Last year the BGS revised this down to 200 trillion cubic feet.

The models used to estimate the first number were based on models using American data. They may not be applicable to the UK.. Also this is the gas in place and not necessarily the gas we can extract.

Yer pays yer munny and takes yer choice.

To see if you can frack in your back garden, check map:

View attachment 524329
It’s still suspended.

It’s also worth pointing out that there was a shale gas boom in Poland a few years ago too. The Polish Government and some private companies invested a large amount of money gearing up to replicate the US experience on their “plentiful” shale reserves.
Only, it turned out that no amount of fracking would make sufficient quantities of gas to make it flow, and most of the equipment, and a fair number of the personnel, involved in the early attempts at fracking on the Bowland came from redundant crews in Poland.
 
Frankly you’re talking bollocks. Bollocks with a distinct degree of racist ignorance.

I’ve worked in safety critical roles on some of Australia’s biggest construction projects with big engineering companies. They all carry much of their core engineering work in India and, increasingly, Pakistan. I can name at least three who have opened up significant in-house engineering offices in India to take advantage of the wealth of highly educated, quality engineering talent available, a resource that just doesn’t exist in Australia or the UK.

Same with IT. I know three highly successful IT entrepreneurs who have built globally recognised software platforms. Two built their software development centres in India and one in Pakistan. None of them would have got off the starting blocks without Indian sub-continent talent.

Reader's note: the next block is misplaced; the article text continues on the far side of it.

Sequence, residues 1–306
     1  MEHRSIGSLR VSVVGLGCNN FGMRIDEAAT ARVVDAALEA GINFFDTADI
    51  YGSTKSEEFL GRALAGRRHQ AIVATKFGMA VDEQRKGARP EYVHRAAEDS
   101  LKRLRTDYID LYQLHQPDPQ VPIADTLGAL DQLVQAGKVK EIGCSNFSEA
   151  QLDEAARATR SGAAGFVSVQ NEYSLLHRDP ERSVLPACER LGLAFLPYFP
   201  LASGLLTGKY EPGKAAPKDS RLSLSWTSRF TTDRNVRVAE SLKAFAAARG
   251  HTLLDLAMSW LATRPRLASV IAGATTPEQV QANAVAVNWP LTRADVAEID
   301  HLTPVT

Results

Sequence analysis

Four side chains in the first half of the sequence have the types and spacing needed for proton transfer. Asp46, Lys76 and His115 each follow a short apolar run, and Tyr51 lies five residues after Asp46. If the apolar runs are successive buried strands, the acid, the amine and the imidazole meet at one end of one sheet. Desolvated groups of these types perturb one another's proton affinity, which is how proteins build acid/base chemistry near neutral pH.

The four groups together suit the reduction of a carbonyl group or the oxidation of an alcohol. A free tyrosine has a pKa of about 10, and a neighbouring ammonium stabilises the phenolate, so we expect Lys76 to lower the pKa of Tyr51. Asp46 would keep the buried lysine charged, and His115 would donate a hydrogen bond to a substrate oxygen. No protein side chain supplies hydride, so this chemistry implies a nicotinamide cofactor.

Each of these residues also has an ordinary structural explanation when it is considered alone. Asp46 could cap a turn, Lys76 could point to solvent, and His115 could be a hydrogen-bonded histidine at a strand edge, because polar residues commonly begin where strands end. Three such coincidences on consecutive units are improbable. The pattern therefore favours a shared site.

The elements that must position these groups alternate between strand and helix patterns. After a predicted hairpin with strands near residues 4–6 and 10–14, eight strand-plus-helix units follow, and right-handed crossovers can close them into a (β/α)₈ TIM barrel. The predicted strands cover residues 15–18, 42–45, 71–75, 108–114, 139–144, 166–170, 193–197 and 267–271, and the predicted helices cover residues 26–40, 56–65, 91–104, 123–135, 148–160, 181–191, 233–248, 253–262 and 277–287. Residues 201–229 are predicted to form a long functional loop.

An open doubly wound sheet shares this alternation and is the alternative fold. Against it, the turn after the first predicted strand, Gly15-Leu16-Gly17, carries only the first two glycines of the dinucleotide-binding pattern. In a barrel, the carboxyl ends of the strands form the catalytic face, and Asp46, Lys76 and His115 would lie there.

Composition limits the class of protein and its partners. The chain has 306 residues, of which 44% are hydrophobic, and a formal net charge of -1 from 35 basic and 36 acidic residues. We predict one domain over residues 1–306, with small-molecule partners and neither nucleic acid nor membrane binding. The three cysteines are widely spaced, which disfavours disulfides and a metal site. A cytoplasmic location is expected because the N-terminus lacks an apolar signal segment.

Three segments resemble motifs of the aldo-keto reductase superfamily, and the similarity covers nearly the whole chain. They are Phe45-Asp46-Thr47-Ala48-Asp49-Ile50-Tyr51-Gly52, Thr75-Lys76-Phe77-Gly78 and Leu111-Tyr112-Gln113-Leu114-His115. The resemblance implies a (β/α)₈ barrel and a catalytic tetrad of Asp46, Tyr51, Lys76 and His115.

Your casual racism in referring to Indians as Guptas simply served to magnify your ignorance of the capabilities of Asian businesses and people.
You clearly didn't see the drawings I saw.

Presumably the senior management at both of the firms involved were also casually racist, as they both quickly took the decision to not use their overseas offices for UK work again, rather leaving them to do their own schemes locally.

Perhaps you've been lucky in your dealings with overseas design offices and I haven't.
 
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theinventor

War Hero
Frankly you’re talking bollocks. Bollocks with a distinct degree of racist ignorance.

I’ve worked in safety critical roles on some of Australia’s biggest construction projects with big engineering companies. They all carry much of their core engineering work in India and, increasingly, Pakistan. I can name at least three who have opened up significant in-house engineering offices in India to take advantage of the wealth of highly educated, quality engineering talent available, a resource that just doesn’t exist in Australia or the UK.